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Bayesianism — the new positivism

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Bayesianism — the new positivism No matter how atheoretical their inclination, scientists are interested in relations between properties of phenomena, not in lists of readings from dials of instruments that detect those properties … Here as elsewhere, Bayesian philosophy of science obscures a difference between scientists’ problems of hypothesis choice and the problems of prediction that are the standard illustrations and applications of probability theory. In the latter situations, such as the standard guessing games about coins and urns, investigators know an enormous amount about the reality they are examining, including the effects of different values of the unknown factor. Scientists can rarely take that much knowledge for granted. It should not be

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Bayesianism — the new positivism

Bayesianism — the new positivismNo matter how atheoretical their inclination, scientists are interested in relations between properties of phenomena, not in lists of readings from dials of instruments that detect those properties …

Here as elsewhere, Bayesian philosophy of science obscures a difference between scientists’ problems of hypothesis choice and the problems of prediction that are the standard illustrations and applications of probability theory. In the latter situations, such as the standard guessing games about coins and urns, investigators know an enormous amount about the reality they are examining, including the effects of different values of the unknown factor. Scientists can rarely take that much knowledge for granted. It should not be surprising if an apparatus developed to measure degrees of belief in situations of isolated and precisely regimented uncertainty turns out to be inaccurate, irrelevant or incoherent in the face of the latter, much more radical uncertainty.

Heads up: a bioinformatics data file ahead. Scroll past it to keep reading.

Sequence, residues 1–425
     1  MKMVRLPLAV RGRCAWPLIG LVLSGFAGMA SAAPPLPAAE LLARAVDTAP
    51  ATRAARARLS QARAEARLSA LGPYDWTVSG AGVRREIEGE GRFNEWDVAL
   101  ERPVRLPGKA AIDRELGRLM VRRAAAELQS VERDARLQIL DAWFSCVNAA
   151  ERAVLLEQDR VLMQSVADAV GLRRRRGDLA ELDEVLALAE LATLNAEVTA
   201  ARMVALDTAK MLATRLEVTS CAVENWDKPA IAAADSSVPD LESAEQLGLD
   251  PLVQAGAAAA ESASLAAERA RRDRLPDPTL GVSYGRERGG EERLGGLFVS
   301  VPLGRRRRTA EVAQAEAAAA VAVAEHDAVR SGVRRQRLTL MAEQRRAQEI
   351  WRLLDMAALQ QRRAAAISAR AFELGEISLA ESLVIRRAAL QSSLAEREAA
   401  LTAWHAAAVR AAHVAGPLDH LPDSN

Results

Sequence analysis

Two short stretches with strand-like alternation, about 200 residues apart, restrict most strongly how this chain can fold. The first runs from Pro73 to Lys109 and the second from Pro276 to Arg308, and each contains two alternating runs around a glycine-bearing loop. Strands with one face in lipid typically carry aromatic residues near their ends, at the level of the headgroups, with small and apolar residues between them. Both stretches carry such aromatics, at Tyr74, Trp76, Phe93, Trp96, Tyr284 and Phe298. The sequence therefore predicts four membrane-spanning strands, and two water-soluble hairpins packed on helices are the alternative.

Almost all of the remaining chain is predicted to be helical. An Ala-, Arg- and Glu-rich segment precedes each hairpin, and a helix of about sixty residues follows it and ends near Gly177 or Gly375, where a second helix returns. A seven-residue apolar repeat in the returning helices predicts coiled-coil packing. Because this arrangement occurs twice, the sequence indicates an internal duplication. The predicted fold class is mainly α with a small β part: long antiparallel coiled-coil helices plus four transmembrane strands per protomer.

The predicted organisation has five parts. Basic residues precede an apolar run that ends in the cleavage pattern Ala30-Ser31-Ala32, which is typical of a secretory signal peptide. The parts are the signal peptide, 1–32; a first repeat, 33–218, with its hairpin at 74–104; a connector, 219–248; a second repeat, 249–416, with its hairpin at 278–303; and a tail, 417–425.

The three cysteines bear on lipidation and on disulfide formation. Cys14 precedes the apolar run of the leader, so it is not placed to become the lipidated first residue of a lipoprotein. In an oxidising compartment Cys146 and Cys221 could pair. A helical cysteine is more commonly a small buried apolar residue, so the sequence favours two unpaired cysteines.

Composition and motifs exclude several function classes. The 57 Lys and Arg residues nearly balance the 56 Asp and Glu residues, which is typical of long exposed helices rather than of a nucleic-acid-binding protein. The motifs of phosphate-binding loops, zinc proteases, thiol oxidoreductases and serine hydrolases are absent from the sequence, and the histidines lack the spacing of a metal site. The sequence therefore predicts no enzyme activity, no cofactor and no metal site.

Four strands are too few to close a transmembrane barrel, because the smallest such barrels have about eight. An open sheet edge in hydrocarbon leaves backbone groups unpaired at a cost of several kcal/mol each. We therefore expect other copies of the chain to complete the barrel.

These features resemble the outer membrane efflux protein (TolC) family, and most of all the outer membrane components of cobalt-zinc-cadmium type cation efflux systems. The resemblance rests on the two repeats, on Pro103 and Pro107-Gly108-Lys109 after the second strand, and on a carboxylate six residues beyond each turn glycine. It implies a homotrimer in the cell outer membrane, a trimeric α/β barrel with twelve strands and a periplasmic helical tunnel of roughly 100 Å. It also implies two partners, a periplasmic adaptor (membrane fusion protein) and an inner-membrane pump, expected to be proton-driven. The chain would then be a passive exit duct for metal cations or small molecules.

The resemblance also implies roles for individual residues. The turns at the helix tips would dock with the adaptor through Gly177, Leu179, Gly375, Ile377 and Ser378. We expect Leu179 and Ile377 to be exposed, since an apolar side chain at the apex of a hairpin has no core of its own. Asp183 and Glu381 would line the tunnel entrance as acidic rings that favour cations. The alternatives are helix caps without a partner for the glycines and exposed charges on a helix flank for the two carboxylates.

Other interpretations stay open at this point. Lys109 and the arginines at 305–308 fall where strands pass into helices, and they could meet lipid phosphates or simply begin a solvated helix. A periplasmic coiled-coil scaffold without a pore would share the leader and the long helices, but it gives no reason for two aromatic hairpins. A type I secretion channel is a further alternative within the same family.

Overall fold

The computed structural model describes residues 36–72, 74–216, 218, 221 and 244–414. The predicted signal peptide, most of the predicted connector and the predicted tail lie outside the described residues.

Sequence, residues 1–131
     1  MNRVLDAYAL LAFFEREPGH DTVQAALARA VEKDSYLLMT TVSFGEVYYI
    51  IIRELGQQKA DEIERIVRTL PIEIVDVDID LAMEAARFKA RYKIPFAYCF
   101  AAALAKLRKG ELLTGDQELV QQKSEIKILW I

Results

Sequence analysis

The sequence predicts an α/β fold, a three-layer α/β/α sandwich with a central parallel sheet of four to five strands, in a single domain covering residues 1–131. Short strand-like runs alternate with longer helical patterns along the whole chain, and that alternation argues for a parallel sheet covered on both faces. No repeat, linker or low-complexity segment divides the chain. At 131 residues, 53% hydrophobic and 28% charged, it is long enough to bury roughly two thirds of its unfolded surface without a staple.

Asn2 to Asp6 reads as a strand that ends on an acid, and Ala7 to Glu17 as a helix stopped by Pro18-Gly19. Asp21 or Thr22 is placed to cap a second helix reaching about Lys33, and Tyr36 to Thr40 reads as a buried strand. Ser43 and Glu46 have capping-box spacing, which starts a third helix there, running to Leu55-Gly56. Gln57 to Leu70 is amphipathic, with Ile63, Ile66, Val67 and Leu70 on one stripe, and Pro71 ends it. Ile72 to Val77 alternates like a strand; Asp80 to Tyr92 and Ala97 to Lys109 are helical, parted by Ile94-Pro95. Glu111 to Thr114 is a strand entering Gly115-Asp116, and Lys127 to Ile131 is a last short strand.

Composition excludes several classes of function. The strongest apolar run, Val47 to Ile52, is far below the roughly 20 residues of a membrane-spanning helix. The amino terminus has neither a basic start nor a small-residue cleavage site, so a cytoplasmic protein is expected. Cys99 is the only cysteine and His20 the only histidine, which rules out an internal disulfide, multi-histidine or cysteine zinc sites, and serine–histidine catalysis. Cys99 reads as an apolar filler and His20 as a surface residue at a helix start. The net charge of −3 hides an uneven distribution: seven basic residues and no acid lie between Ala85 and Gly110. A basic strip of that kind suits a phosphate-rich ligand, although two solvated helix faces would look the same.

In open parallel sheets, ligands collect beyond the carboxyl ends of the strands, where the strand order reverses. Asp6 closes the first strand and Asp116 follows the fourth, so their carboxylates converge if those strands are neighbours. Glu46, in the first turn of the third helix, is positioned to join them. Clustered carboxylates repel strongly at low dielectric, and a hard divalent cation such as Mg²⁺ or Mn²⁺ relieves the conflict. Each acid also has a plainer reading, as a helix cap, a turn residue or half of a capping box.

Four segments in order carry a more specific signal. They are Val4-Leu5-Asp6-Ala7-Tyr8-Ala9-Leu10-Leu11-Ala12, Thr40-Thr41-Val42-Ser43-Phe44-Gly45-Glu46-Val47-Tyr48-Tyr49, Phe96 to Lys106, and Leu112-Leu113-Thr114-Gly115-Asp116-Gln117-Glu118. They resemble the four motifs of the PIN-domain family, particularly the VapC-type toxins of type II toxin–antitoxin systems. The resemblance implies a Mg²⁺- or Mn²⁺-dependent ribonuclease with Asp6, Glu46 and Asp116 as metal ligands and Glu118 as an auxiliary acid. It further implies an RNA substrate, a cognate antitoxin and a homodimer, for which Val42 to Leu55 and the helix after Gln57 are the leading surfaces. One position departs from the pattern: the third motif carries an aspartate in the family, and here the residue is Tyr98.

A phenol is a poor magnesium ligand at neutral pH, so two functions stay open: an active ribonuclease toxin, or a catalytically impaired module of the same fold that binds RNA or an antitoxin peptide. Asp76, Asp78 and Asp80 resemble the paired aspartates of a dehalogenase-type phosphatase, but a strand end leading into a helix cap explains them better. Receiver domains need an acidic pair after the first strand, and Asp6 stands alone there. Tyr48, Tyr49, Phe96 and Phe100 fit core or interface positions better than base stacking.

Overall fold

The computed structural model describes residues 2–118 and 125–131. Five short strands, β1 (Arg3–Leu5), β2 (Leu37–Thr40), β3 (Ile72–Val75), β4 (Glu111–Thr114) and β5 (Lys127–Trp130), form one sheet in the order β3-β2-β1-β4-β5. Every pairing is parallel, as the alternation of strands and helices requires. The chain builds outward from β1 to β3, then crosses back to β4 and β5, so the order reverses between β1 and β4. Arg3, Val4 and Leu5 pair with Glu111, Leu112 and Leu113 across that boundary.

For all scholars seriously interested in questions on what makes up a good scientific explanation, Richard Miller’s Fact and Method is a must read. His incisive critique of Bayesianism is still unsurpassed.

Given that we study processes that are adequately captured by our statistical models (think of urns, cards, coins, etc), Bayesian reasoning works. The problem, however, is that when we choose among scientific hypotheses, we standardly lack that kind of knowledge. As a consequence — as Miller puts it — “Bayesian inference to the preferred alternative has not resolved, even temporarily, a single fundamental scientific dispute.”

Assume you’re a Bayesian turkey/chicken and hold a nonzero probability belief in the hypothesis H that “people are nice vegetarians that do not eat turkeys/chickens and that every day I see the sun rise confirms my belief.” For every day you survive, you update your belief according to Bayes’ Rule

P(H|e) = [P(e|H)P(H)]/P(e),

where evidence e stands for “not being eaten” and P(e|H) = 1. Given that there do exist other hypotheses than H, P(e) is less than 1 and a fortiori P(H|e) is greater than P(H). Every day you survive increases your probability belief that you will not be eaten. This is totally rational according to the Bayesian definition of rationality. Unfortunately — as Bertrand Russell famously noticed — for every day that goes by, the traditional Christmas dinner also gets closer and closer …

Lars Pålsson Syll
Professor at Malmö University. Primary research interest - the philosophy, history and methodology of economics.

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